Andrew Dreschel had another great piece in The Spec today (he seems to be on a bit of a hot streak lately - his indictment of Chief DeCaire earlier this week was scathing!). In case you missed it, you can read it here: http://www.thespec.com/opinion-story/4755887-dreschel-candidates-need-position-on-ward-sizes/.
In it, he calls on candidates to take a position on Ward sizes. As one of the smallest Wards, this is a particularly relevant question for Dundas. With roughly 27,000 residents, Dundas is only about a third the size of a monster like Ward 7 up on the Mountain.
This issue hinges on your basic understanding of voter parity. Should Council reflect the population of the City or the "regionality" of the City? To make an analogy, it's like the difference at the Federal level between the fundamental purposes of the House of Commons and the Senate. The first reflects population, while the second reflects regional interests.
If the City decides to create new Wards up on the Mountain in response to its growing population, this will, in effect, dilute Dundas' influence on Council. Instead of being one vote among fifteen, we would be one vote among sixteen or seventeen. Further dilution would occur at the Committee level, which is where a lot of the real work gets done.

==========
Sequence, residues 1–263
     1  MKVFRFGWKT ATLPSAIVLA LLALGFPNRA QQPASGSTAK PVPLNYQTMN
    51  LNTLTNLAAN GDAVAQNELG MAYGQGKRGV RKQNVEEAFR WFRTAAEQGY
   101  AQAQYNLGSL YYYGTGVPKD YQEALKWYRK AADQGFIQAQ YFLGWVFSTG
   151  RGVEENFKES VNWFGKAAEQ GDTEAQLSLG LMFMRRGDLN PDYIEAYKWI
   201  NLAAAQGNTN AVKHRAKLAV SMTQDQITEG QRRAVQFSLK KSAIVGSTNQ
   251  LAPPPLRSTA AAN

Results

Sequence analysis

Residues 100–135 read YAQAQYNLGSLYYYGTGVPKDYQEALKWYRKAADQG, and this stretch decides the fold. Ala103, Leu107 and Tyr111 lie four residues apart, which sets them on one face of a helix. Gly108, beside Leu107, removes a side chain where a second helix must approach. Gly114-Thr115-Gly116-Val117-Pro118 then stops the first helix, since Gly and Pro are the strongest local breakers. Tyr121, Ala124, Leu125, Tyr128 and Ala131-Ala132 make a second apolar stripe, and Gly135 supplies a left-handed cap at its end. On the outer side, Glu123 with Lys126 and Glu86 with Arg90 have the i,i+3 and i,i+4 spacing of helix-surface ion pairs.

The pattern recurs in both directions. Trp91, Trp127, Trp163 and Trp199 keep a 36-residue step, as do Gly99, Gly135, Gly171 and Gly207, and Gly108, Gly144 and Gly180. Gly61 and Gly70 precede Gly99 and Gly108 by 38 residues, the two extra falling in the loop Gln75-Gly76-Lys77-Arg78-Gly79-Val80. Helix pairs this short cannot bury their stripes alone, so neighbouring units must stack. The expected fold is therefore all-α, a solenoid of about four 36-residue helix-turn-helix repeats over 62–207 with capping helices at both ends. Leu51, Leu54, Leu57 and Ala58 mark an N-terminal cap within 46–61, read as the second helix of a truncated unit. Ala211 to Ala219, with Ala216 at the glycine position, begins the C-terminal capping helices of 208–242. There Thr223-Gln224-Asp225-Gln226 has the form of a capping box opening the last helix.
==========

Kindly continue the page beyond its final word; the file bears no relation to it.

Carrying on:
That may not sound like much of a difference until you consider that we already suffer too much from decisions made at the City level. New policies and regulations are often at odds with our distinct community and culture.
Fundamentally, it is a matter of fairness. The population on the Mountain is growing because they have plenty of land to build new subdivisions. By contrast, aside from our limited ability to densify, Dundas' population is effectively set. Hemmed-in as we are by our geography, we have no opportunity to grow.
I certainly believe that a review is in order but the Dundasian in me is concerned that it may leave us at an even greater disadvantage. Our voice must remain as strong and as loud as possible at City Hall.